Versus the competiton:
To begin what would eventually become the 2013 Scion FR-S, Toyota President Akio Toyoda asked himself, “Where is the passion in our lineup?” Passion and sports cars go hand in hand; both have been missing from Toyota’s lineup in recent years. To fill that absence, Toyota partnered with Subaru to co-develop a rear-wheel-drive sports car. Toyota’s Scion youth division receives the fruits of the partnership’s labor in the FR-S, while the Subaru calls its car the Subaru BRZ.
After years of anticipation, I’m excited to say Scion’s FR-S is a genuine driver’s car with a level of sports car-ness not commonly found among $25,000 coupes.
Forget similarities to other four-seaters like the 2012 Hyundai Genesis coupe, Ford Mustang or Chevrolet Camaro. The FR-S recalls the Mazda MX-5 Miata and Nissan 370Z — partly because the FR-S’ backseat is useless, but mainly because the precise driving experience closely matches that of a low-slung two-seat sports car.
The FR-S’ strengths are maneuverability and spirited handling that evoke words like lively, feisty and, most of all, fun. I drove the FR-S at a Scion media preview in and around Las Vegas on city streets as well as a small road course, tight autocross course and wet skid pad.
From the very start, it’s apparent the Scion FR-S is tuned as a driver’s machine. Even mundane driving on city streets showcases confidence-inspiring steering, braking and accelerator response that make the car eagerly obey every little input.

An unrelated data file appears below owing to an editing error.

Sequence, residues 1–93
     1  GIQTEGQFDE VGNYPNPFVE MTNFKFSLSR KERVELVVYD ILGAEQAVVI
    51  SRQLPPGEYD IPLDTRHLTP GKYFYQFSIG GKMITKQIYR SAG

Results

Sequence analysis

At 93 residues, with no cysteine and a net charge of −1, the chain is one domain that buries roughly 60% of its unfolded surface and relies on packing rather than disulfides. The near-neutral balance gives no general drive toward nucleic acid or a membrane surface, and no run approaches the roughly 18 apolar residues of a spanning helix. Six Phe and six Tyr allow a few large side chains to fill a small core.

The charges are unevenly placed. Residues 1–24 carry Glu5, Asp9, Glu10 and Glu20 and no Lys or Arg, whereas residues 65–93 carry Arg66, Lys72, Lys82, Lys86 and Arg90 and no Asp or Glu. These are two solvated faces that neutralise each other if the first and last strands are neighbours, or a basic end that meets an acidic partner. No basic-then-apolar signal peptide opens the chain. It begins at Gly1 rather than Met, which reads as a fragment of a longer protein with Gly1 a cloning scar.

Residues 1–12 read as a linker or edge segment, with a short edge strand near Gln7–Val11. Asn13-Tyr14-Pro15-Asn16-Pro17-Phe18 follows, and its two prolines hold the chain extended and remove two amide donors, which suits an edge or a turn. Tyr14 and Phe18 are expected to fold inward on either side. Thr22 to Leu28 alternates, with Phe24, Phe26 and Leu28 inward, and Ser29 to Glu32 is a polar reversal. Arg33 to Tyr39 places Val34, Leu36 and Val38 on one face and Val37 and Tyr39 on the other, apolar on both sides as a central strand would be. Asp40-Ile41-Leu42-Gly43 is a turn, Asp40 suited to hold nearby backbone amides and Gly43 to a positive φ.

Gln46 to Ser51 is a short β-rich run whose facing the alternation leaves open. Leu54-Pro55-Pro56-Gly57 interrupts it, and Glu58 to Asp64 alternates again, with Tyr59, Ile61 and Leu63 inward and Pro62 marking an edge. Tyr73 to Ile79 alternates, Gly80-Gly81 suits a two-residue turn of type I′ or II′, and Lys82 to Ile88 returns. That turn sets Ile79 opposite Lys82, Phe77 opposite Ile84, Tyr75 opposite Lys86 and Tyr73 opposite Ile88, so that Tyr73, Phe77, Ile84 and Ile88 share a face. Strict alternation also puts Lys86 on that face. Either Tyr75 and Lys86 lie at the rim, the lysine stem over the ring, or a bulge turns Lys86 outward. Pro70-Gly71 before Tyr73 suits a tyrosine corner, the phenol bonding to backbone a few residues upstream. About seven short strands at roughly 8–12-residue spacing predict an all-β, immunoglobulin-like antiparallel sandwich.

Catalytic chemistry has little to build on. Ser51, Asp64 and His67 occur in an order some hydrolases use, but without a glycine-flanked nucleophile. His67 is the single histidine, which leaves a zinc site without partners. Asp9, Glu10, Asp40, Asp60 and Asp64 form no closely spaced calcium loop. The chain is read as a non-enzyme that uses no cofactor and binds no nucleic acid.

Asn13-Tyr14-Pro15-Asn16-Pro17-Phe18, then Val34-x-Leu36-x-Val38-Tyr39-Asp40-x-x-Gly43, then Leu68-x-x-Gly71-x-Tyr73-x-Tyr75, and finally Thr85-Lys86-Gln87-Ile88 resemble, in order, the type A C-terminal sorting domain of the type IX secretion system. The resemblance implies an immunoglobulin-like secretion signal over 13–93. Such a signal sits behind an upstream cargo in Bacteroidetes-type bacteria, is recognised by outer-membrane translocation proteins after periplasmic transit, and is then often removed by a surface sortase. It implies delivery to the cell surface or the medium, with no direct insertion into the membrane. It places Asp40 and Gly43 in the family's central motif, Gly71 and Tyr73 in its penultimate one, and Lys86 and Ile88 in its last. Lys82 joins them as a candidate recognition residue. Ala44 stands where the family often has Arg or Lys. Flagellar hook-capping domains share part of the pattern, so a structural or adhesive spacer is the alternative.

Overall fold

The Scion’s quick-reacting steering, throttle and brakes are just right for navigating the autocross’ maze of cones. An instructor gave me a drifting 101 tutorial, and drifting fits the rear-wheel-drive Scion’s demeanor perfectly. The FR-S hangs its rear end out like a champ, but meager power makes it a challenge. Because the FR-S doesn’t oblige easily is one of the reasons it’s so rewarding to drive. As the driver, you feel like you’re in control as opposed to the car doing the work for you.
To that end, the Scion FR-S’ electronic stability system has up to five modes; traction control can remain on while stability is off. Sport mode reins in a sideways car less urgently, letting the rear end slide out a little more than the default mode.
During quick directional changes, the FR-S shows some signs of body roll. It’s not enough to throw the car off-balance, and the body quickly settles after an initial lean.
A few keys to the Scion’s tossable nature lie in its lightweight construction and low center of gravity. At 2,758 pounds with a manual transmission, the FR-S is more than 500 pounds lighter than any comparable coupes, though it’s considerably smaller in overall size. The comparison to a two-seat roadster is more apt, as it’s 311 pounds heavier than the MX-5.
Standard summer tires help the Scion grip the road, which it does admirably on the track and autocross. Looking at the tire size of 215/45R17, it’s surprising how much grip all four corners provide. These are the only tires available on the standard 17-inch wheels as of the vehicle’s launch. Scion spokesman Craig Taguchi says an all-season tire will arrive at a later date.